If I’m not using this vehicle to market my businesses, I better work hard and consistently on the ones I have chosen.

My limits make my expectations pretty meaningful.

But while my limits help me up my expectations a notch, they become realistic. Because I’m not expecting myself to do everything. Or do everything at a stellar level.

They are expectations that I actually plan to meet.

And they’re mine. I chose them. No one else chose them for me.

Expecting Others To Help

My expectations and limits for myself also mean I have expectations for my family.  Not only do I set limits with my family so I can get my work done, I expect them to help me around the house more.

Tsh Oxenreider of SimpleMom wrote a rich post about how important it is to get help when you run a home business.

And like Tsh, my biggest source of help is my husband. Followed closely by my two kids. I put some real expectations on my children to help support my efforts by helping more around the house.

But these expectations don’t only help me, they help my children. I’ve written a post this week about how when you give them chores, kids thrive.

I place expectations on my husband. I expect him to understand when we have to shift schedules, eat spaghetti for dinner again or give up some of our one-on-one time after the kids go to bed because of my business.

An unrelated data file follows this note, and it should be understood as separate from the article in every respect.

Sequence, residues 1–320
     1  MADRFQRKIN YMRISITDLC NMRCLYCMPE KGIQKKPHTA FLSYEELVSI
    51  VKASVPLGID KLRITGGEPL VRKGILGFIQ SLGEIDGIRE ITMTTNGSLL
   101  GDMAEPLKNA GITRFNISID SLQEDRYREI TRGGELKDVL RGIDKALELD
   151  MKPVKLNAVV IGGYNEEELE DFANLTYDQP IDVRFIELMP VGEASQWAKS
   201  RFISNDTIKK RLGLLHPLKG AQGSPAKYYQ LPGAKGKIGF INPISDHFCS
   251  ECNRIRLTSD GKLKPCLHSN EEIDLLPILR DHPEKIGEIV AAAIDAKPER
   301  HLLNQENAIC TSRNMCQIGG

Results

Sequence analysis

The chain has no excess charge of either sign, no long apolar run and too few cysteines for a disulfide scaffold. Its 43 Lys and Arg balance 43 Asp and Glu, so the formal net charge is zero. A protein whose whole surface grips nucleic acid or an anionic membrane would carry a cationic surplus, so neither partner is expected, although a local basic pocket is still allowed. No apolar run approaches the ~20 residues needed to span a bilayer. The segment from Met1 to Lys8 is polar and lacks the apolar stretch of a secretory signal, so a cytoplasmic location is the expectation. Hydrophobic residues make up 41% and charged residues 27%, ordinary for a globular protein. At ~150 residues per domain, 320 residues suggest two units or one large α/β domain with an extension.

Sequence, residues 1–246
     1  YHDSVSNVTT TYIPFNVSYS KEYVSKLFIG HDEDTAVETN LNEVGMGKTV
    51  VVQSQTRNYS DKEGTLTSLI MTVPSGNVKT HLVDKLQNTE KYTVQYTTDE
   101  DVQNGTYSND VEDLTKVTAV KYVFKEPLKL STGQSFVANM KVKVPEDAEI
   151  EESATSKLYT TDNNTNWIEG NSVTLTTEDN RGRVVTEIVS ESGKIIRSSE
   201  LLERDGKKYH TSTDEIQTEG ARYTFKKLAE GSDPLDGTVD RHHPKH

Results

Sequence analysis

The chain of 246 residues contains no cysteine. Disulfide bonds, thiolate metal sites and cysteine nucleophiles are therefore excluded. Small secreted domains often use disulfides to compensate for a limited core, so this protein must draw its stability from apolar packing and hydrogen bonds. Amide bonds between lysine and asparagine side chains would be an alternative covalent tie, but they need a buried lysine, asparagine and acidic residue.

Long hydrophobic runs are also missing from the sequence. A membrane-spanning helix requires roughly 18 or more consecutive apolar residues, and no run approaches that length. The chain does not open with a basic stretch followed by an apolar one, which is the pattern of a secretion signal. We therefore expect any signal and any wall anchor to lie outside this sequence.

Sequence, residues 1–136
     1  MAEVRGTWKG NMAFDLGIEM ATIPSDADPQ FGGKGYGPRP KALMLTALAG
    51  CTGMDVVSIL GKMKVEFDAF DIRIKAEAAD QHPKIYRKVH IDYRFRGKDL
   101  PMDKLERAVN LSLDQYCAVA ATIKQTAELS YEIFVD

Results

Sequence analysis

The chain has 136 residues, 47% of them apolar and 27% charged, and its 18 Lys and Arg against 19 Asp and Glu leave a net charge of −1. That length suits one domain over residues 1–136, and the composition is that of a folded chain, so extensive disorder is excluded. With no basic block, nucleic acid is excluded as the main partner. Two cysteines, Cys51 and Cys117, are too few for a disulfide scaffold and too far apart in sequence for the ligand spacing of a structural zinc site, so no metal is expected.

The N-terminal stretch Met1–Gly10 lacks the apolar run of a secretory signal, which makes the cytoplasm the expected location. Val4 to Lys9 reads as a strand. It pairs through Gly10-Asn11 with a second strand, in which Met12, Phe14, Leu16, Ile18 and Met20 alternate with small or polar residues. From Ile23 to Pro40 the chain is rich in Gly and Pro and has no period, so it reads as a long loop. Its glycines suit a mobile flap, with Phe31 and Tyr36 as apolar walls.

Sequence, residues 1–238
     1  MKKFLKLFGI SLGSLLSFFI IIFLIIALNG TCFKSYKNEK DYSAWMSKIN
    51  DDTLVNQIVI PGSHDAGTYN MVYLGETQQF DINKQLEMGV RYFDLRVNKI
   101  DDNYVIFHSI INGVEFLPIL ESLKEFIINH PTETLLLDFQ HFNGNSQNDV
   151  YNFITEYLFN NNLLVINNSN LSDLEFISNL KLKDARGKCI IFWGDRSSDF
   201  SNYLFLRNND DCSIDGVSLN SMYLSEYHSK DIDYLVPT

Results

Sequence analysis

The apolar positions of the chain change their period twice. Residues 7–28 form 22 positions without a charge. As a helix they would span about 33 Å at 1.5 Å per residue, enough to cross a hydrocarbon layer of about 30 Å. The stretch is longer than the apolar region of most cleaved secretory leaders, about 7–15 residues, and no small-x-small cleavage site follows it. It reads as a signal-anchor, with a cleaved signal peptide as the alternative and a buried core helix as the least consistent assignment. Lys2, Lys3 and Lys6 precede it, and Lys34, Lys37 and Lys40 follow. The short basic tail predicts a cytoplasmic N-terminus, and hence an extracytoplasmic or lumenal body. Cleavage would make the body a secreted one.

But I can only hold these expectations because I’ve set limits and expectations for myself.

Set Your Limits, Choose Your Expectations, And Own Your Life And Your Home Business

When it comes down to it, owning a home business gives you enormous control over your life.

By deciding to work at home, you’ve also become master of your destiny.

But when you take this kind of control, you have to make choices. Some of them are hard. Sometimes you have to be ruthless.

But only by making choices and saying “no” to certain things in your life, do you really say “yes” to others. And get to hold and savor the things you want.

As my wise husband has said many a time, “You can have it all. You just can’t have all of everything!”

How do you use limits and expectations to help you in your personal life and running your home business? Please share:

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  • Ann

    Thanks for this post, Sarah, I enjoyed reading it and I found a number of ideas that I am learning to put into practice.  Setting limits, for example, where I am learning that I should not, need not,  work late every night.  Night has been my best writing time until lately, but I am finding that I cannot and need not use that time in order to be productive.   Your comment “Limits are not always confining, but defining” hit a chord.  Thank you! 
     Ann Jordan-Mills

    • Clac

      Thank you for commenting. You know, I didn’t think about how time is part of this. But certainly when I say, I’m going to get this done by XX or in 20 minutes I work so much better.   And I’ve also found that while often I’ve worked better at nights it’s more because I didn’t push myself to get things done earlier and I’m finally feeling the pressure of time as the day wanes. When I do this I end up paying for this with less family time and less energy the next day.

      Glad it hit a chord!